After months of controversy, Prieto notified Glendale officials earlier this month of the center's impending closure.
With New Horizons no longer operating, Flynn told the Audit Committee on Monday that the audits are now in a "holding pattern" pending further notice from city managers.
All federal funding is distributed on a reimbursement basis, so New Horizons had not yet received much of the Community Development Block Grant funding allocated for social services this year, officials said.
The city is also in line to be reimbursed for the $300,000 in grant money allocated to the failed New Horizons construction project after Prieto sells the vacant properties. Prieto has said a tentative agreement is in place to sell three vacant properties for $1.4 million.
Still, Audit Committee member Zareh Amirian urged officials to continue the examination of how the funds were spent.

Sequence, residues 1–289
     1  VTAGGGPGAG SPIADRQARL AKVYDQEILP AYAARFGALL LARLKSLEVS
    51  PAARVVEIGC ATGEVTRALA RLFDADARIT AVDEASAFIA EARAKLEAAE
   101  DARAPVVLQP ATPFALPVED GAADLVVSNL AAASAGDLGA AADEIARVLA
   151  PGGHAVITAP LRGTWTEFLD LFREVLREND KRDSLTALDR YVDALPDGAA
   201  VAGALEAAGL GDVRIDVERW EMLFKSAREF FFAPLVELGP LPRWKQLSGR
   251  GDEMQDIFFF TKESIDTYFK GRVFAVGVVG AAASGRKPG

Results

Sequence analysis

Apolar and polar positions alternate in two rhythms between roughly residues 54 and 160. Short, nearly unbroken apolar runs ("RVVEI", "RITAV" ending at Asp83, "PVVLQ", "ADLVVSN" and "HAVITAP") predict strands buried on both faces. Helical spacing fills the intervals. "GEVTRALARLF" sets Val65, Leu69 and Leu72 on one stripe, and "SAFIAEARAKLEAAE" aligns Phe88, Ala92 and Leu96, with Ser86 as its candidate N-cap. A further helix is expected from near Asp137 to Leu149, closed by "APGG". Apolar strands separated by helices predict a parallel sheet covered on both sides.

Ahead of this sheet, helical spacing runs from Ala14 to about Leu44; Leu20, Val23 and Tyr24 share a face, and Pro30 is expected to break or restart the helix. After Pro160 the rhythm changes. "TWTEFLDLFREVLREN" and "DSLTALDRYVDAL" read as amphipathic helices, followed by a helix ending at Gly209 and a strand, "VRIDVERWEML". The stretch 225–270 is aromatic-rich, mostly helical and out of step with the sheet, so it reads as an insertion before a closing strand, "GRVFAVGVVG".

"Are we sure the money was spent on what it was supposed to be spent for?" he said.
About $240,000 of the federal funding, city officials said, was paid directly by the city to Glendale-based George Hopkins Construction for architectural services on the now-failed project.
"I figure if there is $240,000 that went to architects, there should be $240,000 worth of architecture work done," Amirian said.
The rest of the money went to building permit fees, which have since been reimbursed, officials said.
A representative for Hopkins could not be reached for comment Monday.
Also in response to the New Horizons controversy, the City Council is slated to consider bolstering oversight of local nonprofits that receive federal grant funding through City Hall.
The new rules would require representatives of charities and social service agencies to sign documents verifying the fiscal health of their organizations, including disclosure of assets and tax liens.
The agencies would also be required to provide written proof of claimed financial backing from banks or grant providers and would have to submit third-party audits.